NMBU's VR-Lab in a new publication on perceived safety in urban parks

By Ramzi Hassan

Woman walking alone in an urban park.
Woman walking alone in an urban park. Photo: Shutterstock

New study combines the use of field and Virtual Reality experiments to evaluate safety measures in green space management and perceived safety.

Access to safe, green urban environments is important for quality of life in cities. A new study explores the impact of a safety-enhancing landscape design measure on visitors’ experiences in an urban park.

Combining the use of field and virtual reality (VR) experiments, the study evaluates safety measures in green space management and research on perceived safety.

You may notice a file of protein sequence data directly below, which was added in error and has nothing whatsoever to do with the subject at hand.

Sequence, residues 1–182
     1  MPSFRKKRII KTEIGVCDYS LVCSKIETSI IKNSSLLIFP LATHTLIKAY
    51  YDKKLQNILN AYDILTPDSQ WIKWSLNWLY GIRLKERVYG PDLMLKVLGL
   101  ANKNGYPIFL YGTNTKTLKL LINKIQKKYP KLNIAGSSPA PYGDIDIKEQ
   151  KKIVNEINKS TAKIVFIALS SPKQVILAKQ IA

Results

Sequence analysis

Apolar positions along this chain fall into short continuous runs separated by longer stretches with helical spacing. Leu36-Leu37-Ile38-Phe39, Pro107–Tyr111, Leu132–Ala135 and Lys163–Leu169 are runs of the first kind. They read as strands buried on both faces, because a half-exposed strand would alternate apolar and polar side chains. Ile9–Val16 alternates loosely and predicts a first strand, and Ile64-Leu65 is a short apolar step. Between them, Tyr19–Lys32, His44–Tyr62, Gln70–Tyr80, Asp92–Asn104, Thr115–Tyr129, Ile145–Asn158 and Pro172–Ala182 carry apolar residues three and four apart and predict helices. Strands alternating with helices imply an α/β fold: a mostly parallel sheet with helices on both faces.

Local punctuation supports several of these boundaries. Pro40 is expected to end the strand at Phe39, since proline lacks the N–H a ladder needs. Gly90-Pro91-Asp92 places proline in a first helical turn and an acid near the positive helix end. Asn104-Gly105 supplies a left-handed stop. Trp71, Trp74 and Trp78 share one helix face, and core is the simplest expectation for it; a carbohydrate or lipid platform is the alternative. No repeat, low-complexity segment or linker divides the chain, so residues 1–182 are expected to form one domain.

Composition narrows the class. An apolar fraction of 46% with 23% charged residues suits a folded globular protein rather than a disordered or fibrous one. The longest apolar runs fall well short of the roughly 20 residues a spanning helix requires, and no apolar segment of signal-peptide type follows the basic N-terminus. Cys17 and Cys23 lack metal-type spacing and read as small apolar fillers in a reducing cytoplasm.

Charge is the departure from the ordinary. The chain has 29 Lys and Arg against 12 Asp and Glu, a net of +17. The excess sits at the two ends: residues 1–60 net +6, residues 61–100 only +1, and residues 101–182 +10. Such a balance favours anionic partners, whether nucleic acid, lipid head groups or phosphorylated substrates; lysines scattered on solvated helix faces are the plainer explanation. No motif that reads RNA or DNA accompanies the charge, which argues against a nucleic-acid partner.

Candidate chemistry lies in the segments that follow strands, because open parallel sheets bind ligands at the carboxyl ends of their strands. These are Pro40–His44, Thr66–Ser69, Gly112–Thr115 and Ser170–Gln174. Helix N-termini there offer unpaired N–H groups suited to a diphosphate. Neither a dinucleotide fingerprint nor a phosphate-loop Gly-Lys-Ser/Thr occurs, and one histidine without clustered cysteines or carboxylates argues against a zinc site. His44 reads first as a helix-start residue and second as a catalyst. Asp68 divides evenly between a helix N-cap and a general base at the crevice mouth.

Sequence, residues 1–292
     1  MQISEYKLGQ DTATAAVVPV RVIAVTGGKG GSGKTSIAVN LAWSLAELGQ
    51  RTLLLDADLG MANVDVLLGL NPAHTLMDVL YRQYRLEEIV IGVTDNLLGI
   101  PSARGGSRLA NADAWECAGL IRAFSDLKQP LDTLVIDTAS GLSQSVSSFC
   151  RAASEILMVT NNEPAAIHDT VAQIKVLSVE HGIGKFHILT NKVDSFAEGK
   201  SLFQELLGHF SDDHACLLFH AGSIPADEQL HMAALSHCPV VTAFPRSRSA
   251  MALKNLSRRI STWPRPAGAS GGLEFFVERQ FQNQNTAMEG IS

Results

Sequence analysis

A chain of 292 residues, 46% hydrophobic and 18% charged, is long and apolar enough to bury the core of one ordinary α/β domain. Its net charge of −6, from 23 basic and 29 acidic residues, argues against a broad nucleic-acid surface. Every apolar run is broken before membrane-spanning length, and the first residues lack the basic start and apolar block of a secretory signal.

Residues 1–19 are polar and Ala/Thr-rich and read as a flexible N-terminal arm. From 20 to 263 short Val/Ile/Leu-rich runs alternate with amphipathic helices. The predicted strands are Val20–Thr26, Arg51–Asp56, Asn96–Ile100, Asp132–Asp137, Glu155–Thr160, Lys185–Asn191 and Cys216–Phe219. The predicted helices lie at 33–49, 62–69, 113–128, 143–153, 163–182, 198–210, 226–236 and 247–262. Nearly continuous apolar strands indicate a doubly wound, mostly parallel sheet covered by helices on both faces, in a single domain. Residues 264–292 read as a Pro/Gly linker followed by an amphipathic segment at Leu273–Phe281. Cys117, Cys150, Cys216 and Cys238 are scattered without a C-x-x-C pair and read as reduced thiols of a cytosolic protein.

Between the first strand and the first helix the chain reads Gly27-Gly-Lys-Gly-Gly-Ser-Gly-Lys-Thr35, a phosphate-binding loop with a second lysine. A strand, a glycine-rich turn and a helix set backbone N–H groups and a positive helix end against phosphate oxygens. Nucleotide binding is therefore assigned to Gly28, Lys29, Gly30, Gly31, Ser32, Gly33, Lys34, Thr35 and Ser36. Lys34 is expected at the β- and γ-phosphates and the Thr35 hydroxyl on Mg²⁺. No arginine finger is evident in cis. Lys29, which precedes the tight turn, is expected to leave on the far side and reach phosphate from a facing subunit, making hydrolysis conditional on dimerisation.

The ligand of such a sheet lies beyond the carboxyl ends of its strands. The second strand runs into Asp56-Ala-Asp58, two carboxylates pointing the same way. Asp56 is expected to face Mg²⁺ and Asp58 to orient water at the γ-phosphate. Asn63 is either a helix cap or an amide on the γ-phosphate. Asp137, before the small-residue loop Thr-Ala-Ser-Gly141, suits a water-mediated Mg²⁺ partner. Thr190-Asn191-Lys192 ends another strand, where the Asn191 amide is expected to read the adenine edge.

NMBU researcher Katinka Evensen and colleagues explored whether the height of a hedge along a pathway influenced perceived safety among users.

Cutting down the hedge improved the perceived prospect of the immediate surrounding areas for female users, which again made them feel safer in the park.

The team from NMBU's VR Lab developed a VR experiment to test for an evening scenario in the same environment. This supplemented the field study and tested the effect of the intervention further.

The VR experiment also found a gender effect on perceived safety, with females reporting lower perceived safety, but no effect was shown for the height of the hedge.

The results show that environmental attributes such as perceived prospect and concealment should be considered in the design and management of urban green spaces.  

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